Chris Hedges on what happened to those who told the truth about Iraq, from personal experience. From Hedges at consortiumnews.com:
The politicians and shills in the media who orchestrated 20 years of military debacles in the Middle East, and who seek a world dominated by U.S. power, must be held accountable for their crimes.
We’re Number One – by Mr. Fish
Two decades ago, I sabotaged my career at The New York Times. It was a conscious choice.
I had spent seven years in the Middle East, four of them as the Middle East Bureau Chief. I was an Arabic speaker. I believed, like nearly all Arabists, including most of those in the State Department and the C.I.A., that a “preemptive” war against Iraq would be the most costly strategic blunder in American history.
It would also constitute what the International Military Tribunal at Nuremberg called the “supreme international crime.” While Arabists in official circles were muzzled, I was not. I was invited by them to speak at The State Department, The United States Military Academy at West Point and to senior Marine Corps officers scheduled to be deployed to Kuwait to prepare for the invasion.
Mine was not a popular view nor one a reporter, rather than an opinion columnist, was permitted to express publicly according to the rules laid down by the newspaper. But I had experience that gave me credibility and a platform. I had reported extensively from Iraq. I had covered numerous armed conflicts, including the first Gulf War and the Shi’ite uprising in southern Iraq where I was taken prisoner by The Iraqi Republican Guard.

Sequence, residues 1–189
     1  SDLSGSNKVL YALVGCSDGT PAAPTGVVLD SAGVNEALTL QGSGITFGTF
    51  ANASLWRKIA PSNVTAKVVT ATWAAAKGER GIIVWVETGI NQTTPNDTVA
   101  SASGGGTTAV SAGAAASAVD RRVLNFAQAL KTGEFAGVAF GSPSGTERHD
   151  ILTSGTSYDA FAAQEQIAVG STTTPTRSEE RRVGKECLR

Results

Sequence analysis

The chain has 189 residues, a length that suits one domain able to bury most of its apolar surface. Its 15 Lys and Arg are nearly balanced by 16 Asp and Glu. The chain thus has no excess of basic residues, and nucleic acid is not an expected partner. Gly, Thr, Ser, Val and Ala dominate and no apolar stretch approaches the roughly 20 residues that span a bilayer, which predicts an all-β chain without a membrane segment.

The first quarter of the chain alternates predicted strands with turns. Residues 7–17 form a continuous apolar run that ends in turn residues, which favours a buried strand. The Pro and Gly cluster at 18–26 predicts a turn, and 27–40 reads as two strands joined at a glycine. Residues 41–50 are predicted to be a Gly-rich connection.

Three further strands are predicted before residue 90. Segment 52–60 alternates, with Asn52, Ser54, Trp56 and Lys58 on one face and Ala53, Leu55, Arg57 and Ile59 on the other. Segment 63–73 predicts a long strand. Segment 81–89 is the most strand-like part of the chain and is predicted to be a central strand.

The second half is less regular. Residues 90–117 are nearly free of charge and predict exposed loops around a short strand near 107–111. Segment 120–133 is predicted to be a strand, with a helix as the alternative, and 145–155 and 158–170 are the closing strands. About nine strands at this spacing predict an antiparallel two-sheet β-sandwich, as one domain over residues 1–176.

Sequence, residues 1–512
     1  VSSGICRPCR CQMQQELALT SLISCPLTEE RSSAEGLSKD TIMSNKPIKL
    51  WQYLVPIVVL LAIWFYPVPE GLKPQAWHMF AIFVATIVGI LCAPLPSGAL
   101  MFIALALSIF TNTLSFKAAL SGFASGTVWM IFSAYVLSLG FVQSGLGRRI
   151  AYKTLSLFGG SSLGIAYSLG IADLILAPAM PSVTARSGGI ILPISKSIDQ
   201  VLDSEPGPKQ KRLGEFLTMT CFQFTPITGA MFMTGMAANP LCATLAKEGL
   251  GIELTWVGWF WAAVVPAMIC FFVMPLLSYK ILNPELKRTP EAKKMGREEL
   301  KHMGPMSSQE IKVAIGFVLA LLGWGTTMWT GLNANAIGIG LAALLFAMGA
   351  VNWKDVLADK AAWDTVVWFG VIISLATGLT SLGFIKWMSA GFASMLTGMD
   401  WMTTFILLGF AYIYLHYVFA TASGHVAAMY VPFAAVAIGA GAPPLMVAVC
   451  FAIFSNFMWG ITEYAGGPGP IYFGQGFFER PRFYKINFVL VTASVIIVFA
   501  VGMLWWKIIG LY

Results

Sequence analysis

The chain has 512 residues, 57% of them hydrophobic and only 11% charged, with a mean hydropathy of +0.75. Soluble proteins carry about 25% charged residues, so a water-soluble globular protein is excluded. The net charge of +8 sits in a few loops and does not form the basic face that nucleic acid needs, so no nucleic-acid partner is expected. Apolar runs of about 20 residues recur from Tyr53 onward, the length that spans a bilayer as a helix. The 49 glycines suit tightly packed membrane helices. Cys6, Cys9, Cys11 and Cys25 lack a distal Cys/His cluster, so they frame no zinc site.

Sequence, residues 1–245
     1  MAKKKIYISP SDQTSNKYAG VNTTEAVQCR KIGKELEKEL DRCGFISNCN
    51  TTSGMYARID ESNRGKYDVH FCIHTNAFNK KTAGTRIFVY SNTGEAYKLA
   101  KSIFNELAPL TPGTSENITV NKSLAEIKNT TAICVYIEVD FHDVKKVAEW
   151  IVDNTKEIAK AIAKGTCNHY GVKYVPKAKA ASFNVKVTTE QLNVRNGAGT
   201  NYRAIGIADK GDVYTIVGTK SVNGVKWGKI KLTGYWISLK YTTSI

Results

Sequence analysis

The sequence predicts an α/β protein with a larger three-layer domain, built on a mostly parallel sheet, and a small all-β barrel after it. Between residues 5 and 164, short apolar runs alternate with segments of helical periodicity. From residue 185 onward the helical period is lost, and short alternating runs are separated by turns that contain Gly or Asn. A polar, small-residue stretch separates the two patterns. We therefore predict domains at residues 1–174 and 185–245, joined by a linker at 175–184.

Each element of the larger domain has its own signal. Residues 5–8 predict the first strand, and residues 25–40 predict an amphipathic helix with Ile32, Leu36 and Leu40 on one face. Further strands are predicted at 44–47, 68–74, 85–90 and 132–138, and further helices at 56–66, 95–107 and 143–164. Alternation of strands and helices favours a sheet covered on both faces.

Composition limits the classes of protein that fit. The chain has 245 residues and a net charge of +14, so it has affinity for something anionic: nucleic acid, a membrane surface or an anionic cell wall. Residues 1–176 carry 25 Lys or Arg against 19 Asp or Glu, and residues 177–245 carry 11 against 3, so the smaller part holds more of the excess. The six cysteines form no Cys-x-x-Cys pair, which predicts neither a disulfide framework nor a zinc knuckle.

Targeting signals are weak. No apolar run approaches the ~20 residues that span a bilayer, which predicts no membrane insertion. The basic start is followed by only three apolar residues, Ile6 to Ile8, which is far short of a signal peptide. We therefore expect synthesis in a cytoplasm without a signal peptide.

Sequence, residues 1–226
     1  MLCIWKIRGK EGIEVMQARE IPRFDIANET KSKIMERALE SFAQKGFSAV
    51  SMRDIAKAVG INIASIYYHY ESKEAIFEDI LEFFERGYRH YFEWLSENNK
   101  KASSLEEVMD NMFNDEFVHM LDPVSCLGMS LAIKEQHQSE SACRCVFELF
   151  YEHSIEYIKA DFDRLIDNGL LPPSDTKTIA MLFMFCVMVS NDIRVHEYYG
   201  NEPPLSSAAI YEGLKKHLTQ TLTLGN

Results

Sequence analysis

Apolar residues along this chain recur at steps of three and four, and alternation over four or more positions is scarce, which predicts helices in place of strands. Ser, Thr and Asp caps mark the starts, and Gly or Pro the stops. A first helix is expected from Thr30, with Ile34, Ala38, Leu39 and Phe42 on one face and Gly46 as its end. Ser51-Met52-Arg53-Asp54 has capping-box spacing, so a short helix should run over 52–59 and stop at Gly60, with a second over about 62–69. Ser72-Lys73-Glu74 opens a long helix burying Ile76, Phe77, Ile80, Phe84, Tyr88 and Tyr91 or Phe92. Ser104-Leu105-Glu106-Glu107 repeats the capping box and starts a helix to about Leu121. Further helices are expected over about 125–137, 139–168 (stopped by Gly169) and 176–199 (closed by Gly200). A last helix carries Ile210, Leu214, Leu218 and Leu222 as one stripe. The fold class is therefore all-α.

I easily dismantled the lunacy and lies used to promote the war, especially as I had reported on the destruction of Iraq’s chemical weapons stockpiles and facilities by the United Nations Special Commission (UNSCOM) inspection teams. I had detailed knowledge of how degraded the Iraqi military had become under U.S. sanctions. Besides, even if Iraq did possess “weapons of mass destruction” that would not have been a legal justification for war.
How many nations are still standing on the PNAC list?
They didn’t get all seven.
Almost all of the world has a central bank now, except for some small island nations that total less than ten with the biggest name being Panama in South America.
So I came back to see him a few weeks later, and by that time we were bombing in Afghanistan. I said, “Are we still going to war with Iraq?” And he said, “Oh, it’s worse than that.” He reached over on his desk. He picked up a piece of paper. And he said, “I just got this down from upstairs” — meaning the Secretary of Defense’s office — “today.” And he said, “This is a memo that describes how we’re going to take out seven countries in five years, starting with Iraq, and then Syria, Lebanon, Libya, Somalia, Sudan and, finishing off, Iran.” I said, “Is it classified?” He said, “Yes, sir.” I said, “Well, don’t show it to me.” And I saw him a year or so ago, and I said, “You remember that?” He said, “Sir, I didn’t show you that memo! I didn’t show it to you!”
(General (Ret.) Wesley Clark in an interview with Amy Goodman)